Prepare for higher interest rates on federal student loans for the next academic year, and not just because rates are currently zero due to an extended hiatus due to the coronavirus pandemic. Interest rates on federal student loans will rise because long-term interest rates rise.
Federal student loan rates are based on a formula tied to the highest yield of the 10-year treasury bill auction in May. This auction this year is tentatively set at May 12.
Undergraduate loan yields are pegged at 2.05% above the high yield at the 10-year Treasury bill auction in May. Graduate student loan rates are set at 3.6% above the May high-yield auction rate, and Parent PLUS loans are set at 4.6% higher. If the high yield on the 10-year Treasury auction in May is 1.5%, for example, the rate on federal undergraduate loans would be 3.55%.
That’s well above the 2.75% set for the current academic year, but that rate, along with the interest rate on all other federal student loans, was reduced to zero when the federal government cut back. issued a moratorium on student debt payments beginning in mid-March 2020. The moratorium was due to expire on September 30, 2020, but was extended three times – twice by President Donald Trump and once by President Joe Biden. It now expires on September 30, 2021.
Borrowing in the current academic year is much lower than it typically is due to the pandemic, says student aid expert Mark Kantrowitz. Many students have taken distance education from home and do not pay for room and board or pay less for these fees, having received partial refunds on past payments.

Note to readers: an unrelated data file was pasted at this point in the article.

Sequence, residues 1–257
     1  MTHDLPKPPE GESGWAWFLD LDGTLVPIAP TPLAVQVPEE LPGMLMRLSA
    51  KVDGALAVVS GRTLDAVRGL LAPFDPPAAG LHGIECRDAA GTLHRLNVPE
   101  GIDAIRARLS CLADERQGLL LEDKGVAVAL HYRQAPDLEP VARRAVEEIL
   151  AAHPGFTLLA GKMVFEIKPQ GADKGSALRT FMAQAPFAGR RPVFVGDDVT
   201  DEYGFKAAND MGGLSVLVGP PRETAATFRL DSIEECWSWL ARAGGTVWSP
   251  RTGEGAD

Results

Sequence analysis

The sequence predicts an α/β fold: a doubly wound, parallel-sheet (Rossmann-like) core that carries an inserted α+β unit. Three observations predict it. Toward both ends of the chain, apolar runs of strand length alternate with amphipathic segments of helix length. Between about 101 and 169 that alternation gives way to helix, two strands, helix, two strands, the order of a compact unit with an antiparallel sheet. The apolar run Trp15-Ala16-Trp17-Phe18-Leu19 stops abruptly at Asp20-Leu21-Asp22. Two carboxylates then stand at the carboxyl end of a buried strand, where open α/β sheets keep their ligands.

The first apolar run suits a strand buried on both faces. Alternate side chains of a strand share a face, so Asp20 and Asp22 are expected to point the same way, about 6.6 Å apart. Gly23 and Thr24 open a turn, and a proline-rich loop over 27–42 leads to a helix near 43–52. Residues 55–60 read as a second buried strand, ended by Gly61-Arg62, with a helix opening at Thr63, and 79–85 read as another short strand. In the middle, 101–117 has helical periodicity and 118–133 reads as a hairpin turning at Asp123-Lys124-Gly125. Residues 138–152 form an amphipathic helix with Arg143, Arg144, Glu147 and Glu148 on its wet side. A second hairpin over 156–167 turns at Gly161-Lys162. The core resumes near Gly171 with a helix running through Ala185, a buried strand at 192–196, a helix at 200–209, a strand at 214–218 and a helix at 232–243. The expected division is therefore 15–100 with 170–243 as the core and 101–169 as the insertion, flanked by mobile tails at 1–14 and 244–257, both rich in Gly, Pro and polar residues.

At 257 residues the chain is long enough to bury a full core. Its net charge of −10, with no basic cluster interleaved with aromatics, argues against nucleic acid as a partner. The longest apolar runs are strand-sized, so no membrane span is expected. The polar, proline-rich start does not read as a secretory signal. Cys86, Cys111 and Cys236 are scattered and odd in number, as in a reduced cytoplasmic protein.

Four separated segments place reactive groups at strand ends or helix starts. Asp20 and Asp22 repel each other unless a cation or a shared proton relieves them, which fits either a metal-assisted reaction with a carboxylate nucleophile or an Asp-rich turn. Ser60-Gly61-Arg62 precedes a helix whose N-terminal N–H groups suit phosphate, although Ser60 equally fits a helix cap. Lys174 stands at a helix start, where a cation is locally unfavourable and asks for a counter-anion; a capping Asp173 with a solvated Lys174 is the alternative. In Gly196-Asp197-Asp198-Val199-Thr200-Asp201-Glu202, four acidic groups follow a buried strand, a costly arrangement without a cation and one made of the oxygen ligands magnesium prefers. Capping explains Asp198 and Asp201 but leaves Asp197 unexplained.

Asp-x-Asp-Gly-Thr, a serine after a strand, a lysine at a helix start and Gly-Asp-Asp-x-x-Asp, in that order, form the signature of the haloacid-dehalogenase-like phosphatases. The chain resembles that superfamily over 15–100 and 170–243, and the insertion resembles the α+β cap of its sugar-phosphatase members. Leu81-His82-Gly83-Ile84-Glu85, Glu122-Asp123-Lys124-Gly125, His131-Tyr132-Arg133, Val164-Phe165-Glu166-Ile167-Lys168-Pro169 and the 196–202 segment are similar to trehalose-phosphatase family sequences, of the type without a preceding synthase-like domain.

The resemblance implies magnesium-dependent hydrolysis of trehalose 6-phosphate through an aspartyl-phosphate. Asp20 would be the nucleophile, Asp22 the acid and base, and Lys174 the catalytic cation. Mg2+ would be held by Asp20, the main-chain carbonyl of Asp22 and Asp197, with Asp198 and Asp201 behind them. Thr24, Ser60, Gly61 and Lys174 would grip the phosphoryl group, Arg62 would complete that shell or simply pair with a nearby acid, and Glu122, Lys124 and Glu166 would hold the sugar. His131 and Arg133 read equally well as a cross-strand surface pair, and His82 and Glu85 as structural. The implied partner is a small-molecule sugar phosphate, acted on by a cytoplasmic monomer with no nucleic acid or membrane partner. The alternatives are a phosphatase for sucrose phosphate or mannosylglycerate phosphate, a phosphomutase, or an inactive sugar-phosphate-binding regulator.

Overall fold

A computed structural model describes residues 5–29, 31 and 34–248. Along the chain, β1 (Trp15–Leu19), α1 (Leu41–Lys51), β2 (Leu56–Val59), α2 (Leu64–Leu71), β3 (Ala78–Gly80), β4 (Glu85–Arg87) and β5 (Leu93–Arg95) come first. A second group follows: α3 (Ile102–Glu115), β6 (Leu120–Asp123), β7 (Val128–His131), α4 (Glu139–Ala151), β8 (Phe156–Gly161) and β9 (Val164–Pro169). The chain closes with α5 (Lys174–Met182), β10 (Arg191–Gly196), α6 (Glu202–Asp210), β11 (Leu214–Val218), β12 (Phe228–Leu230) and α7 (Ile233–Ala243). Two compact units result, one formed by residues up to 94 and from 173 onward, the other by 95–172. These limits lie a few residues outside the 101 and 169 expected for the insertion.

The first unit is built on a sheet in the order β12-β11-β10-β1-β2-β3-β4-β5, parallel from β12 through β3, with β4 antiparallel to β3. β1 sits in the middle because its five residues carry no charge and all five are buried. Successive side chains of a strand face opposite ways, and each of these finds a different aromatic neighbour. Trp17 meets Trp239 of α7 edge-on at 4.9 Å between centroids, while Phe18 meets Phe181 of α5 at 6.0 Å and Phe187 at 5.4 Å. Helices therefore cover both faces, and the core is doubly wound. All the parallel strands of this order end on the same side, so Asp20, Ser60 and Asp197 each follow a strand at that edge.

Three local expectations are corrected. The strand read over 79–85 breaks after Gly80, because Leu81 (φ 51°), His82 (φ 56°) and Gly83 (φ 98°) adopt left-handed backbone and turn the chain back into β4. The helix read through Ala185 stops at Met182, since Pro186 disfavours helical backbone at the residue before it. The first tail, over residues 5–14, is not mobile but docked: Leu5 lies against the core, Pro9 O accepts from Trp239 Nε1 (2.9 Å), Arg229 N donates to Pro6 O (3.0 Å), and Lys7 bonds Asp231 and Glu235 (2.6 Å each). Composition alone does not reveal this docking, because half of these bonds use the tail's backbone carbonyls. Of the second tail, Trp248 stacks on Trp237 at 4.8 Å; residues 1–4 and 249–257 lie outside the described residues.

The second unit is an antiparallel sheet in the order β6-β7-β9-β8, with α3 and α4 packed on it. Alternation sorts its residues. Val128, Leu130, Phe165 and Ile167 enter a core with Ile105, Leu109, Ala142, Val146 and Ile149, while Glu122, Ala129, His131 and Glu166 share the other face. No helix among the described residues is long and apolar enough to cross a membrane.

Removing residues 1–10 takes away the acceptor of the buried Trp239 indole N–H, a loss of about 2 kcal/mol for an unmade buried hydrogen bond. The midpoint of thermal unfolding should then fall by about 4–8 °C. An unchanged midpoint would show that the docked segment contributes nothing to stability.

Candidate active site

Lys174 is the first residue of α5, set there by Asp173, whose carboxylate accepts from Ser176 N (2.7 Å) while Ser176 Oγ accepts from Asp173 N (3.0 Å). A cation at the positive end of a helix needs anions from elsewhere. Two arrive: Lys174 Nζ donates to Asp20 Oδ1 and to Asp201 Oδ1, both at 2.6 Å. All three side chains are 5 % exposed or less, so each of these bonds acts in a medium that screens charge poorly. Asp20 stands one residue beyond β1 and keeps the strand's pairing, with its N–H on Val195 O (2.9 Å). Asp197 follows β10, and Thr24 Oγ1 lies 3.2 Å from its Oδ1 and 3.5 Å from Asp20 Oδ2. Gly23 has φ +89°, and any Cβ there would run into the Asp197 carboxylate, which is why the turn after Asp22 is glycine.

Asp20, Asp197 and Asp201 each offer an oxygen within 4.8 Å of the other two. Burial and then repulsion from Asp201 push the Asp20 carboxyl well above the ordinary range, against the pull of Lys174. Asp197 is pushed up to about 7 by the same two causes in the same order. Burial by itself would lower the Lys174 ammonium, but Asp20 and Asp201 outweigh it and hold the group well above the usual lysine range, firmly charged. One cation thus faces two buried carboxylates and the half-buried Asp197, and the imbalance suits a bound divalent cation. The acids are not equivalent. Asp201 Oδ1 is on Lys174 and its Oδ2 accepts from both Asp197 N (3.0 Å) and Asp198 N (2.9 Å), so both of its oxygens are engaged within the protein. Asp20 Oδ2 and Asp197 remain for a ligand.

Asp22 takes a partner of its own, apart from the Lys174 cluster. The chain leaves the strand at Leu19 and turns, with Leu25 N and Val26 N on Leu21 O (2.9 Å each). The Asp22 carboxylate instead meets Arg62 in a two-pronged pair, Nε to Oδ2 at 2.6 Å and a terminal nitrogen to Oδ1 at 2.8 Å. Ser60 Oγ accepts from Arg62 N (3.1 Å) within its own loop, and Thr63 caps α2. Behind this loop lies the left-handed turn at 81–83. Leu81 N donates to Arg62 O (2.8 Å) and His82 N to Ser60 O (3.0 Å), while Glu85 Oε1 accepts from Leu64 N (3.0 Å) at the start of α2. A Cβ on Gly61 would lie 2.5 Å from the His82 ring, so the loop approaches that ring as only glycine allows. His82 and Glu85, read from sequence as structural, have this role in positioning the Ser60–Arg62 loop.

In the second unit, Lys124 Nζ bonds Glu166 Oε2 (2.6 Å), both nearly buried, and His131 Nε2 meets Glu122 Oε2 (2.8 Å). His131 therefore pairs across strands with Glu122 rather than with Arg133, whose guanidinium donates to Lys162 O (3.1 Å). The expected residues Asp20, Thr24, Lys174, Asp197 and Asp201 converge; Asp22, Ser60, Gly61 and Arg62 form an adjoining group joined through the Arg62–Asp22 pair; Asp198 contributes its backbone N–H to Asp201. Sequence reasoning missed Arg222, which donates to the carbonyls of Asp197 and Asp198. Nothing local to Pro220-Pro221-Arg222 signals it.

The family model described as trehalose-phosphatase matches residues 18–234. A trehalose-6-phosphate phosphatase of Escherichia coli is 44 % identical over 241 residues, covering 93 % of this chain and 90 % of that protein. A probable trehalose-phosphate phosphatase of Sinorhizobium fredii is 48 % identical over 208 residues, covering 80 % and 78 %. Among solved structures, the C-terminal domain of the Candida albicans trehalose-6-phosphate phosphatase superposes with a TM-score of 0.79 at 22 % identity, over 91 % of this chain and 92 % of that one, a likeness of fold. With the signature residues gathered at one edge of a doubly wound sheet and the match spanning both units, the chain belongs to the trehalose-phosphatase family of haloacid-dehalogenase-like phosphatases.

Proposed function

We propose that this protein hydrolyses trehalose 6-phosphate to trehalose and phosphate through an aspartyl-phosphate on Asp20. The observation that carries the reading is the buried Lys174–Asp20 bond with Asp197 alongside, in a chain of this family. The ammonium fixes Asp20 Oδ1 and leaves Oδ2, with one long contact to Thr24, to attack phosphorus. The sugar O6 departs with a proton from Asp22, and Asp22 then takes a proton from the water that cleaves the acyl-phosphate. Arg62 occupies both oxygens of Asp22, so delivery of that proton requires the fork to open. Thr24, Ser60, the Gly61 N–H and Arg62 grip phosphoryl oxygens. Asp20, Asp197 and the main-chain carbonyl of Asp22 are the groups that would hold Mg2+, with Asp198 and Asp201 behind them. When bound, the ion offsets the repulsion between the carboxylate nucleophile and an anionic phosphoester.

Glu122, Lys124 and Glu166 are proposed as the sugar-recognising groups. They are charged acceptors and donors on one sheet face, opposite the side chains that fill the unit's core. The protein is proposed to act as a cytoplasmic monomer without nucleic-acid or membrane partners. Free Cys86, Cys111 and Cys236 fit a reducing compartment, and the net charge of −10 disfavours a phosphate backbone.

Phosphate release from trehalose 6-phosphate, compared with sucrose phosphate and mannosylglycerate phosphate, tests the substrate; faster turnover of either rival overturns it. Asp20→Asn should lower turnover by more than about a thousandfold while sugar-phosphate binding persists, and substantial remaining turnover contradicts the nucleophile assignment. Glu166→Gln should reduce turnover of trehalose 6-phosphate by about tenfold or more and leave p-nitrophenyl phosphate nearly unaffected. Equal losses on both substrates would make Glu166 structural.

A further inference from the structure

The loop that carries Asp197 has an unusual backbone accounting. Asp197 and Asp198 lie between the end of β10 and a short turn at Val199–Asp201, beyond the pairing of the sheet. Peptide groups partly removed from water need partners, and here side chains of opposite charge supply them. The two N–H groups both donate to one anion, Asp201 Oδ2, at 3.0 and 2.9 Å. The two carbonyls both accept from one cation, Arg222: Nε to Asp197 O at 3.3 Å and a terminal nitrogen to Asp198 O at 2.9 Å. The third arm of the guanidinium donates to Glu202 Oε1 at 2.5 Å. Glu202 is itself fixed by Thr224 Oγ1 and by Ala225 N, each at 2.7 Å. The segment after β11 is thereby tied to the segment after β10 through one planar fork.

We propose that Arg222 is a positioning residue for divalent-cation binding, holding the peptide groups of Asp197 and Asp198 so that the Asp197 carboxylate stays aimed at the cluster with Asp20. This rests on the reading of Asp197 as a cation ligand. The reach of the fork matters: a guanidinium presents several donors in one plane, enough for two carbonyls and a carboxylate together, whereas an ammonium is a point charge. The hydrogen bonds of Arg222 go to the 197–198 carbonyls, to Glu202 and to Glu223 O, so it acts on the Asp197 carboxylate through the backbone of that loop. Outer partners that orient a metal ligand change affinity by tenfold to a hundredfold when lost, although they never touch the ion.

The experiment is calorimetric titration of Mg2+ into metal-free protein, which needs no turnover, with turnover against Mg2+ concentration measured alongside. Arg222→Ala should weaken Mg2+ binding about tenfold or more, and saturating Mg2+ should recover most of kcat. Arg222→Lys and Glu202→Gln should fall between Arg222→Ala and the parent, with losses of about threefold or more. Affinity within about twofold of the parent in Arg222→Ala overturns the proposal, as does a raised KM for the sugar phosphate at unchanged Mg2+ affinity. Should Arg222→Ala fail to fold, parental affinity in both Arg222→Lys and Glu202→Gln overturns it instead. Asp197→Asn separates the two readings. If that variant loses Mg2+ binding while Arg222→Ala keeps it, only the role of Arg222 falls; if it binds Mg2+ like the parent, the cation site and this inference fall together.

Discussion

Student loan borrowing will increase over the next school year if schools open for in-person instruction in the fall, as many are expected to do, Kantrowitz says.
Decision day changes
Other changes for incoming students this year: a later decision day, falling after May 1, the traditional deadline for students to confirm acceptance into a particular school; and a different competitive environment to secure a place in many top rated schools.
Following a Federal court decision in a lawsuit by the U.S. government against the National Association for College Admission Counseling, colleges can no longer enforce the undergraduate recruiting rule, which limited colleges’ ability to offer additional financial aid or other incentives in certain circumstances.
The limits applied to a potential incoming student who had not responded to the letter of acceptance by May 1, refused to agree to attend before May 1, or had not withdrawn their application or filed. funds to secure his place before May 1. government won the case on antitrust grounds.
Some schools will still meet the May 1 deadline, but some are relaxing it, according to Kantrowitz.
Some of the most prestigious colleges in the United States have pushed back acceptance dates for another reason: an overwhelming increase in the number of applications. Some of these schools and others have also suspended the mandatory use of standardized test scores in admissions applications and seek to broaden the diversity of the student body. Both approaches open the door for more students to apply and the acceptance of a more diverse group of students.